Considering that many psychotropic agents act on serotonergic and cholinergic pathways, it is expected that they may affect the blood supply to the colon. One such medication is quetiapine, a dopamine and 5-hydroxytryptamine-2 antagonist with limited anticholinergic effects. When quetiapine is taken in combination with tropatepine, colon ischaemia has been associated with severe outcomes, including death in one 34-year-old man.[136,137] The aetiology for this severe outcome is unclear but it is speculated that the anticholinergic medication decreased peristalsis, which could lead to the ischaemic injury. Less severe presentations of colonic ischaemia, improving with conservative measures have been documented when quetiapine was taken in combination with other medications including the anti-convulsant oxcarbazepine, olanzapine and other psychotropics.[19,138,139]

Clozapine is an atypical antipsychotic agent, which acts as an antagonist to 5-hydroxytryptamine and has anticholinergic activity.[140] It too, has been associated with colon ischaemia with a mechanism thought to be linked to its anticholinergic activity and altered colonic motility.[141] Clozapine-induced colon ischaemia has been associated with severe outcomes requiring surgical intervention.[16,140,142] The question of whether the clozapine itself is causing the colonic ischaemia or whether clozapine is causing severe constipation resulting in colon ischaemia remains unclear. One study compared the median colonic transit time in patients taking clozapine with controls, and found that in those on clozapine the transit time was over 100 hours compared with 23 hours in those not on this medication. These data would favour clozapine-induced constipation-induced colon ischaemia as the basic mechanism.[141] Clozapine is used as a second or third-line treatment for diseases like schizophrenia and its usage should be carefully monitored for symptoms of colonic ischaemia and potential precursors to colonic ischaemia including severe constipation. It probably should not be used in patients who are severely constipated without prior attention to a careful laxative regimen.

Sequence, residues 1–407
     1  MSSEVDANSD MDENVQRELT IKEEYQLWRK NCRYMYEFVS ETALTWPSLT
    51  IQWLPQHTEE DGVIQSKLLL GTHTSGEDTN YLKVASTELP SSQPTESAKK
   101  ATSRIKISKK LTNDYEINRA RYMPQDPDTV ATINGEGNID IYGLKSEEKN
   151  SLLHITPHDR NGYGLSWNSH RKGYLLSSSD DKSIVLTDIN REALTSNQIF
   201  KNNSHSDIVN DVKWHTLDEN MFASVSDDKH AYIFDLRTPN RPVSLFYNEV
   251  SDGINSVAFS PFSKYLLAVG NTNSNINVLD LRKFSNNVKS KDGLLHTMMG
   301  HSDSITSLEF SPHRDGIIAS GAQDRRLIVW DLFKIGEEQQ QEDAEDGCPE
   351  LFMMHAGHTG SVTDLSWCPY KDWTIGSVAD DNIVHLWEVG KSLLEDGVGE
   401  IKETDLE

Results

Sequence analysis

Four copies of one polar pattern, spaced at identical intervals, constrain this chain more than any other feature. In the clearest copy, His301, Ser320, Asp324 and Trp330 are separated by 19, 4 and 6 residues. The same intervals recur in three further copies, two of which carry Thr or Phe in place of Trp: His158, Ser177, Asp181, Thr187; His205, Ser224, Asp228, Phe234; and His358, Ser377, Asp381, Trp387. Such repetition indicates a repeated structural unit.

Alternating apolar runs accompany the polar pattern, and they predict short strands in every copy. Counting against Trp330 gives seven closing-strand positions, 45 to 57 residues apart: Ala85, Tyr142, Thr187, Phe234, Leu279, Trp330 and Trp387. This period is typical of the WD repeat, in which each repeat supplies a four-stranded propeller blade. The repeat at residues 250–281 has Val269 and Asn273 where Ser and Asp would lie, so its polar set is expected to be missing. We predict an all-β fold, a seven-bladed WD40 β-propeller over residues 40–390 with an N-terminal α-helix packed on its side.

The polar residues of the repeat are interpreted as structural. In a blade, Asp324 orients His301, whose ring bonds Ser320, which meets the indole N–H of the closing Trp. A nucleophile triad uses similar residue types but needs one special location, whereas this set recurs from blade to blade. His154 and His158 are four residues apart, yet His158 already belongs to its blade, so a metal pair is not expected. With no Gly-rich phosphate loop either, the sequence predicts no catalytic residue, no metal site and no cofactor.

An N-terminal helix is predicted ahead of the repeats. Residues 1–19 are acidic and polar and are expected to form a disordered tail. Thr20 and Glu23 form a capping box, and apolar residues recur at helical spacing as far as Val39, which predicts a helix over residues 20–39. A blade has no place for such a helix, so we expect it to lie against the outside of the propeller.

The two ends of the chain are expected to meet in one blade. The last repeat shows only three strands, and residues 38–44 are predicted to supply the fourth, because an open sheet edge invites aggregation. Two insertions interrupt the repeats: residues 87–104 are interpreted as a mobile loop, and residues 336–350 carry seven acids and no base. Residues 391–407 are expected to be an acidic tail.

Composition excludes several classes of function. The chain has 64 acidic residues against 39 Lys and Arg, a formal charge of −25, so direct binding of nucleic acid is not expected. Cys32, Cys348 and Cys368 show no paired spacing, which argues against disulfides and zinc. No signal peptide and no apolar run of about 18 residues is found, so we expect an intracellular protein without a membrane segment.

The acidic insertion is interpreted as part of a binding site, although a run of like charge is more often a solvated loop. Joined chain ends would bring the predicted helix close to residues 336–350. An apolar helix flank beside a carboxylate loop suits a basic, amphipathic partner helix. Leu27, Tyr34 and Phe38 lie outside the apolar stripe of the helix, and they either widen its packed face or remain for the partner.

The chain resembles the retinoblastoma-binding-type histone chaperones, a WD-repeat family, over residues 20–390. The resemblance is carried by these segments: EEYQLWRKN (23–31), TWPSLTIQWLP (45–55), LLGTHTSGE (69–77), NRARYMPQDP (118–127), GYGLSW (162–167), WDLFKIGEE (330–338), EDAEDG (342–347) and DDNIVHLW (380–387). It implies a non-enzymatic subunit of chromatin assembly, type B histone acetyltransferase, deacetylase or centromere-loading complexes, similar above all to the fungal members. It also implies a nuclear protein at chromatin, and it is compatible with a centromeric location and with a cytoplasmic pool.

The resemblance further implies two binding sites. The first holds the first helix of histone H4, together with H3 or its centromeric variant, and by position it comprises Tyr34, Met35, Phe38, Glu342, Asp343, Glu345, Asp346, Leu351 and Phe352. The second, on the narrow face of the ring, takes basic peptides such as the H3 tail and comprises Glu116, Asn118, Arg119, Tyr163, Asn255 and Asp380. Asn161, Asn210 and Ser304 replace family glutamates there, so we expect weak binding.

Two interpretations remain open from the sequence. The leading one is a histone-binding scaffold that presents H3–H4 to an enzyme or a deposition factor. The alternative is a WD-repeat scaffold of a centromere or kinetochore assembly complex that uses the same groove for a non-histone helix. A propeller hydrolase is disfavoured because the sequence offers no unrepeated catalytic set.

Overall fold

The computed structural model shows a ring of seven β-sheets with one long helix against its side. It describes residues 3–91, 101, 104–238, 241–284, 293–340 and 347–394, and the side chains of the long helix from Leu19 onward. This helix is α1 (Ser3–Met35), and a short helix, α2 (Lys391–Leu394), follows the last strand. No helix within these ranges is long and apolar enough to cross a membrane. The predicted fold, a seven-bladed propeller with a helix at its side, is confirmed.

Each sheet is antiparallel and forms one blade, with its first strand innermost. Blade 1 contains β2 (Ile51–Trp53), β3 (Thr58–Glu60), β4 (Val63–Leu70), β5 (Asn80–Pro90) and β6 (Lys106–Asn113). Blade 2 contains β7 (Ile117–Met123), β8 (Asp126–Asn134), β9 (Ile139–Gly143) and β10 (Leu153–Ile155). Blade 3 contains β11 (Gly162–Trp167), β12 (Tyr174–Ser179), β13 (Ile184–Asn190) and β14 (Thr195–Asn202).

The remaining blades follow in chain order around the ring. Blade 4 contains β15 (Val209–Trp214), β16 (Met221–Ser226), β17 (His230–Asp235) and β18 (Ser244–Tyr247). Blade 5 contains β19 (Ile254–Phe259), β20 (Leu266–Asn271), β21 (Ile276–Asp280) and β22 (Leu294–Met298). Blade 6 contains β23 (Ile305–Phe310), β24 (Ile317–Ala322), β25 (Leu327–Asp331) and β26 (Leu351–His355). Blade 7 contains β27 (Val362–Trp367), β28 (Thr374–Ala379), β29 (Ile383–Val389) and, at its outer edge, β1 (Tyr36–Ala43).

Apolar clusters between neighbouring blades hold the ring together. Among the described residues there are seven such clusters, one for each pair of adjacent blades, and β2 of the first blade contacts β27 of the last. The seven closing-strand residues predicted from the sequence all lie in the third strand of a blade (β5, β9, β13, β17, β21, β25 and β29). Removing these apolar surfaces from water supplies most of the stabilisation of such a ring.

Sumatriptan, a 5-hydroxytryptamine-1 receptor agonist used for the treatment of migraine headache, has been shown to be associated with colon ischaemia. Sumatriptan-induced colon ischaemia is dose dependent, and seems to have a female predominance, although migraines are seen in a female predominant population; it most commonly presents with abdominal pain, hypotension, or haematochezia.[143–147] The mechanism of the disease is believed to result from sumatriptan-induced vasoconstriction of the splanchnic circulation and seems to most frequently have a benign disease course.[147]

Patients taking anticholinergic medications and combinations of psychotropic medications need to be carefully monitored. Some may present with severe symptoms and will require aggressive management with surgical intervention. It remains most important to identify these patients early in their disease course, use combination therapy only when absolutely necessary and stop the combination therapy with the first sign of colon ischaemia.[11]


Statin medications are widely used for their lipid-lowering capabilities via inhibition of 5-hydroxy-3-methylglutaryl-coenzyme A (HMG-CoA) reductase. Both rosuvastatin and simvastatin have been associated with mild episodes of colon ischaemia.[148,149] While no exact mechanism for statin-induced colon ischaemia has been described, it is believed that this class of drugs has no direct vasoactive properties, but patients on statins do have increased lipid levels and likely have peripheral vascular disease. Also, statin treatment has been shown to increase reactive hyperaemia in the peripheral circulation.[150] It is hypothesised that the combination of peripheral vascular disease and the possible "steal" phenomena favouring peripheral over the splanchnic circulation may play a role in statin-induced colon ischaemia.[148] The patients reported in the literature improved with cessation of the statin medication and conservative therapy.

Vasopressor Agents

Vasopressors such as vasopressin and its analogue glypressin have been used for treatment of bleeding oesophageal varices as they selectively decrease splanchnic blood flow. This mechanism, although helpful to the patient with severe hypotension, is also the explanation for the associated colonic ischaemia.[151,152] Vasopressin is also administered after cardiopulmonary bypass surgery and has been shown to be a risk factor for developing colonic ischaemia in those patients as well.[153] In one study of pigs undergoing cardiopulmonary bypass, vasopressin was shown to decrease rectosigmoid perfusion compared with a sham infusion.[154] Glypressin (ie, terlipressin) has fewer side effects, but also has been associated with colon ischaemia.[155] In patients with hypotension and cardiopulmonary bypass, it is unclear if hypotension, the medication, or the combination of the two causes the ischaemic episode. Regardless, these patients are clearly at risk for colonic ischaemia and should be monitored for signs of this disease.[153]